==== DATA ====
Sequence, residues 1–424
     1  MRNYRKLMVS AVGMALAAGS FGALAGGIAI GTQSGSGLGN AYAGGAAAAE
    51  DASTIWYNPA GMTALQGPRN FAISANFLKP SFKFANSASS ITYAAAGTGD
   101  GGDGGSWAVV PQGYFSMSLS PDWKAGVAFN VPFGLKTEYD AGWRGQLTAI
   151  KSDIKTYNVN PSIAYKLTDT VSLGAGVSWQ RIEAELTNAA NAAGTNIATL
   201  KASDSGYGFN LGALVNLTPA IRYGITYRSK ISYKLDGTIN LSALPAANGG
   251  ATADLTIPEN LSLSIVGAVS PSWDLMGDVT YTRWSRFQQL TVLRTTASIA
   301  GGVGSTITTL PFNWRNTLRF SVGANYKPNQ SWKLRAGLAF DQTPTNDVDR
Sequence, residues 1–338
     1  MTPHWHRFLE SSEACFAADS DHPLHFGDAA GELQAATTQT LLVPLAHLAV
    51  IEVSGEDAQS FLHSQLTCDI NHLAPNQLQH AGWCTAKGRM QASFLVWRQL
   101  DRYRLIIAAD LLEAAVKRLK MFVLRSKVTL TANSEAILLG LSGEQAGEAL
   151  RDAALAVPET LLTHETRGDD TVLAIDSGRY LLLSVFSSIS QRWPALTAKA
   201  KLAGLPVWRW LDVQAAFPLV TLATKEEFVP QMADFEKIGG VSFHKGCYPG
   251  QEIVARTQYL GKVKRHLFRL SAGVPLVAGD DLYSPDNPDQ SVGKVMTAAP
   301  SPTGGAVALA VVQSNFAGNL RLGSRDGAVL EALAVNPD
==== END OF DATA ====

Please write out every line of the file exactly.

Sequence, residues 1–424
     1  MRNYRKLMVS AVGMALAAGS FGALAGGIAI GTQSGSGLGN AYAGGAAAAE
    51  DASTIWYNPA GMTALQGPRN FAISANFLKP SFKFANSASS ITYAAAGTGD
   101  GGDGGSWAVV PQGYFSMSLS PDWKAGVAFN VPFGLKTEYD AGWRGQLTAI
   151  KSDIKTYNVN PSIAYKLTDT VSLGAGVSWQ RIEAELTNAA NAAGTNIATL
   201  KASDSGYGFN LGALVNLTPA IRYGITYRSK ISYKLDGTIN LSALPAANGG
   251  ATADLTIPEN LSLSIVGAVS PSWDLMGDVT YTRWSRFQQL TVLRTTASIA
   301  GGVGSTITTL PFNWRNTLRF SVGANYKPNQ SWKLRAGLAF DQTPTNDVDR
Sequence, residues 1–338
     1  MTPHWHRFLE SSEACFAADS DHPLHFGDAA GELQAATTQT LLVPLAHLAV
    51  IEVSGEDAQS FLHSQLTCDI NHLAPNQLQH AGWCTAKGRM QASFLVWRQL
   101  DRYRLIIAAD LLEAAVKRLK MFVLRSKVTL TANSEAILLG LSGEQAGEAL
   151  RDAALAVPET LLTHETRGDD TVLAIDSGRY LLLSVFSSIS QRWPALTAKA
   201  KLAGLPVWRW LDVQAAFPLV TLATKEEFVP QMADFEKIGG VSFHKGCYPG
   251  QEIVARTQYL GKVKRHLFRL SAGVPLVAGD DLYSPDNPDQ SVGKVMTAAP
   301  SPTGGAVALA VVQSNFAGNL RLGSRDGAVL EALAVNPD